If you’re travelling in Asia, here are some very helpful FREE apps for you to download before your trip, so you can hit the ground running.
I’ll keep adding to this list as I go 🙂
Earlier this year, there have been talks about Uber merging with Grab but seems to have some trouble. I believe they’re still in the midst of completing the transaction. In any case, Grab works similar to Uber except it’s WAY cheaper.
I heard that the minimum charge is 50 baht (=$2), but the few times I’ve used it, it ended up around the 60 – 70 baht range (= <$3), which is still REALLY affordable. One ride was literally 5 minutes (I had luggage with me and it was hot AF) and the other ones were 15 min drive away from the city.
Good value because $3.50 is what you get charged when you step into a taxi back home!
Don’t worry if it doesn’t accept your credit card for payment. I tried my MasterCard and Visa – both times the app said my credit cards were not supported. Most (if not all) drivers prefer cash and they can give you change back.
It’s the go-to app in Thailand. This is why I won’t be opting for a voice + data mobile plan because calls are expensive here and I can just call through LINE.
I just got it and it seems to have a lot more features and functions than Whatsapp, so I will play around with it to familiarize myself. There is LINE Games, LINE Pay, LINE Taxi, LINE TV, LINE Shopping…I haven’t tried any of these yet.
It really makes me wonder why Whatsapp isn’t being competitive…
I held out on getting WeChat for the LONGEST time, but my mom kept insisting so she can still get a hold of me while she’s visiting China.
It actually has a lot of cool features – you can send money, play games with friends, meet new friends (by shaking your phone!) and a lot more. I do see certain places in Chiang Mai accepting WeChat Pay (and AliPay – a Chinese payment app from Alibaba), so that’s convenient too.
Here’s everything you need to know about WeChat!
Transferwise is similar to Paypal except its exchange rates are far more favourable.
Based in the UK, this money transfer company allows you to send and receive money in any currency all over the world. Its slogan is “borderless account”.
I hear from a few of my friends that we are going through the early stages of an economic turndown (Really?! I don’t see it…) but Tranferwise seems to be going strong.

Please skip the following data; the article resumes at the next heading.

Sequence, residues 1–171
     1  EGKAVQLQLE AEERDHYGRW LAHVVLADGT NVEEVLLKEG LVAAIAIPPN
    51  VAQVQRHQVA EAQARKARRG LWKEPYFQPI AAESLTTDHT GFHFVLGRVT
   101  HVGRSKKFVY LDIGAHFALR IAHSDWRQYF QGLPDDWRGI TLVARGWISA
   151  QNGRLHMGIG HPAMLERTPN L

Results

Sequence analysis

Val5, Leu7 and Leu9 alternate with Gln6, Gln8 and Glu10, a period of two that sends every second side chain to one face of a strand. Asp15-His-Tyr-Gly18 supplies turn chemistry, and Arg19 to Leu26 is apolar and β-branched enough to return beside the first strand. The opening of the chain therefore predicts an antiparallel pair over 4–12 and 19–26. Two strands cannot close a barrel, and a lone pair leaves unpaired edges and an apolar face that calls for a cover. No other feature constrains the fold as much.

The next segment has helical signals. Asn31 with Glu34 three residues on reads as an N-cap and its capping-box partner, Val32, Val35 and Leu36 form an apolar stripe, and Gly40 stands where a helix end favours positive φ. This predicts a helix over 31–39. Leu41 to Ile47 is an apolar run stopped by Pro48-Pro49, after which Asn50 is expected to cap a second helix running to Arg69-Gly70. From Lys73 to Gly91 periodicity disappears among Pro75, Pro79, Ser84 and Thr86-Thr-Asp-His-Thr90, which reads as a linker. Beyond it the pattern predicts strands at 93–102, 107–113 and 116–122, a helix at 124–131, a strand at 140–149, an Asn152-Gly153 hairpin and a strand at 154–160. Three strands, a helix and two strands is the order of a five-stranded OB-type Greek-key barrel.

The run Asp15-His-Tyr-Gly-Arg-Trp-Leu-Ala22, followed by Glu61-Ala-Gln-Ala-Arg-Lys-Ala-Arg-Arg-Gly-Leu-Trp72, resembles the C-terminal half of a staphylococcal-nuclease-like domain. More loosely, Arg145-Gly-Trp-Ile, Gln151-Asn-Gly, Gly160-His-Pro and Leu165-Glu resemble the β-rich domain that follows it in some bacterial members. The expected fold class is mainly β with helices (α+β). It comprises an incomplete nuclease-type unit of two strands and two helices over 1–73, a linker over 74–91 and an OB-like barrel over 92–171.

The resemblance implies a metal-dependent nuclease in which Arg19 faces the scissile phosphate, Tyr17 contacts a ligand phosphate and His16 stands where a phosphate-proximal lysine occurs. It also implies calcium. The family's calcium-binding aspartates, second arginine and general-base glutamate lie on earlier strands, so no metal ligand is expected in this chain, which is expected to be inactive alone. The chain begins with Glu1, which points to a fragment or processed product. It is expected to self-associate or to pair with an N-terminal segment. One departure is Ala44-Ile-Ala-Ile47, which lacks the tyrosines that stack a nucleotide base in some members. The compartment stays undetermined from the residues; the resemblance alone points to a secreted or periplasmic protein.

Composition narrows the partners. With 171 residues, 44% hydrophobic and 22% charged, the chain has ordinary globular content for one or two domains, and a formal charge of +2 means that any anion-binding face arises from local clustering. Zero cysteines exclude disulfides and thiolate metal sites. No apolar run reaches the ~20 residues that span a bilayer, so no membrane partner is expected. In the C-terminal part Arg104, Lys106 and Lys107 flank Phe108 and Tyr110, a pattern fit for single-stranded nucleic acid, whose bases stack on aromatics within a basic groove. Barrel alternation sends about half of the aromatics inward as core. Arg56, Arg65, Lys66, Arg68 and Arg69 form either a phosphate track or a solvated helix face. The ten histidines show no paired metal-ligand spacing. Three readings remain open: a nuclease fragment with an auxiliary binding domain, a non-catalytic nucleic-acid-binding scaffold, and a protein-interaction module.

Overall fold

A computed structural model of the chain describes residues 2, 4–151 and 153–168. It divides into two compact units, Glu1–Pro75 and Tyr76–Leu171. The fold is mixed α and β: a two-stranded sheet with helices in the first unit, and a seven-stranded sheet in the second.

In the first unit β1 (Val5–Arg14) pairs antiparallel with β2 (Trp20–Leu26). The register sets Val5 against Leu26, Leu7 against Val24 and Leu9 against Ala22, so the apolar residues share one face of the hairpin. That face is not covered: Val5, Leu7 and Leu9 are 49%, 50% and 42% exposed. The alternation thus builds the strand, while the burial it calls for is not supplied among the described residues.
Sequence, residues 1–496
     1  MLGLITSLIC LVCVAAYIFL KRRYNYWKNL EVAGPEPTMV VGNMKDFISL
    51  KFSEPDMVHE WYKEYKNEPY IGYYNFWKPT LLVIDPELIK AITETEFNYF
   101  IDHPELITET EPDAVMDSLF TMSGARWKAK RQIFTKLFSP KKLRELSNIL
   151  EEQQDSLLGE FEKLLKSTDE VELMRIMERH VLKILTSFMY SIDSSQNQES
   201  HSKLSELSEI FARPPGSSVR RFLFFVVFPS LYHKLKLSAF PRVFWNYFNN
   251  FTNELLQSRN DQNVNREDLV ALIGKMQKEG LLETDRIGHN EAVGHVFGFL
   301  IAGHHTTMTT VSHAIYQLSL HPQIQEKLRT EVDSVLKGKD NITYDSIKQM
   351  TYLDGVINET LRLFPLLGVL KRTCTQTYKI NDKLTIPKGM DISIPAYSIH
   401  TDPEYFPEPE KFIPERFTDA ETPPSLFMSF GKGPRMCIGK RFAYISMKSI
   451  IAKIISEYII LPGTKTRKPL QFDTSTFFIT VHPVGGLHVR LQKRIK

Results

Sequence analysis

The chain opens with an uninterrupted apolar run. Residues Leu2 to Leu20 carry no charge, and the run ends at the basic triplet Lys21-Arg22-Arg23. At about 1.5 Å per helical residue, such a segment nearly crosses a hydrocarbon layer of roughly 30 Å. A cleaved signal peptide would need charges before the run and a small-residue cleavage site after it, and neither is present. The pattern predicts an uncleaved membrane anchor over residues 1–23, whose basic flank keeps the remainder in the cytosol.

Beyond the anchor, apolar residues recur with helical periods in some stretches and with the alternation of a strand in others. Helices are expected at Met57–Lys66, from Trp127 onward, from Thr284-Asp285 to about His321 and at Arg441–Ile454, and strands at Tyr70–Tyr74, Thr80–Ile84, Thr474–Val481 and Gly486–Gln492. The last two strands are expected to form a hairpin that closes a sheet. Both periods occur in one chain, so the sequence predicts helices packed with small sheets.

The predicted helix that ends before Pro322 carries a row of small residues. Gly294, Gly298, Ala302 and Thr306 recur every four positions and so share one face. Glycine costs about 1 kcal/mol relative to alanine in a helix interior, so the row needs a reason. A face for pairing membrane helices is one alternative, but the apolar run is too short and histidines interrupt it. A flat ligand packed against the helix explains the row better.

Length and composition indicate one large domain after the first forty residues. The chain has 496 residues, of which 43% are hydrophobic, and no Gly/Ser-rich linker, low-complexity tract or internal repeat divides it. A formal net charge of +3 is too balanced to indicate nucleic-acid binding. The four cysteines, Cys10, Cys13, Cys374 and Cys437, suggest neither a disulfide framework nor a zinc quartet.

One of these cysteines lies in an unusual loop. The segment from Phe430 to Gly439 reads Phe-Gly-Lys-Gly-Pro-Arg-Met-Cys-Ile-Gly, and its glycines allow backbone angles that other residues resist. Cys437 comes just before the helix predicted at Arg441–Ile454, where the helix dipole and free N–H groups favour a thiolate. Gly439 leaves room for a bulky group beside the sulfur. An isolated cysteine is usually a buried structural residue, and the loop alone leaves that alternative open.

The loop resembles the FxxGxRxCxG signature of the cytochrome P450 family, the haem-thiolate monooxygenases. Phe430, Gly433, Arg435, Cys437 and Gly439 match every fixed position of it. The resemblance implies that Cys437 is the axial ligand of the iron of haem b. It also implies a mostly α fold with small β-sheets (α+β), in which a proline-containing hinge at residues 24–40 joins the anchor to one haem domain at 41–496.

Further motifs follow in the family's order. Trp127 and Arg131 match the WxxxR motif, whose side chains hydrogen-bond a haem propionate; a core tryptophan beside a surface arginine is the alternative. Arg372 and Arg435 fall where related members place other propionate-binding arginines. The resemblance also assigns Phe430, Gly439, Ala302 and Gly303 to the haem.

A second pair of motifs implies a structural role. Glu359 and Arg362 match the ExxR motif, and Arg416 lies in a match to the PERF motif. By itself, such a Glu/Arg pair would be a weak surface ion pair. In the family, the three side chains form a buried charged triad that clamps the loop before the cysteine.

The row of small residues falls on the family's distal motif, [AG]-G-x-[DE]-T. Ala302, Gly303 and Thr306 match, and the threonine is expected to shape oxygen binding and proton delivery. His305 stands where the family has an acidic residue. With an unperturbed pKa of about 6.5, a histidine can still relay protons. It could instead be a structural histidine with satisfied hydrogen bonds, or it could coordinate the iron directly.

I just used it to pay for my rent + deposit – a huge sum of money that I wouldn’t want to incur extra charges to take out or exchange money for. I’ll use it again for larger payments too.
I mostly use review apps for restaurants and other service-based establishments, like massage parlours.
I was sad to see the lack of reviews on Yelp on this side of the world. Tripadvisor has more content but it’s still not THAT much compared to North America.
I’m sure there’s a local review platform, but I don’t speak or read Thai so it’d be unhelpful to me 🙁
For now, I’ve been looking things up and asking on Facebook groups and employed the old fashion way of asking people (new friends and random farangs – foreigners in Thai – on the streets) for restaurant recommendations.
If you plan on staying in hostels, the Hostelworld app is the go-to.
My first time staying at a hostel was only last year. Up until then, I had only ever stayed in hotels. I was a bit apprehensive at first. I mean, sleeping in the same room as complete strangers?! What if they steal from me while I’m dead to the world or worse?!
Boy, was I missing out! It’s actually very affordable, clean (do your research beforehand, of course) and easy to meet other people. Sure, you may not get the best sleep, but for just 1-2 nights, I can deal with it.
If you’re only visiting Thailand for a few days to a few weeks, book ahead of time. If you’re staying for longer than a month, I would suggest renting an apartment. More on this later!
If you’re not into hostels and prefer staying in hotels instead, try Agoda instead. Same as Expedia, Booking.com or Hotels.com, but its more popular in Asia!
The app is convenient and easy to use on-the-go. Like when I stayed at the old hotel that only had 2-prong plugs so couldn’t charge my laptop and had to rely solely on my phone.
Sidenote: No need to bring any power adaptors, Thailand typically operates on a 3-prong plug, just not at super old places (like Baan Din Ki hotel).
AirAsia is the no-frills, budget airline that I took from Macau (MFM) to Chiang Mai (CNX).
It’s a Malaysian-based airline that employs 17,000+ employees and operate flights to 135 destinations in over 25 countries internationally (within Asia).
If you compare it to Ryanair in Euopre, I would say it’s slightly better service.
My MFM to CNX flight cost $40 USD for an international 2.5H. At this price, I’ll probably fly with them mulitple times!
Apps that Don't Work
For whatever reason, my Google Play Music app completely stopped working.
It says there is no music available…?!?! Maybe my new location has blocked it or it updated and I have no idea how to use the new verison now? Oh well, at least my podcast player and youtube app work.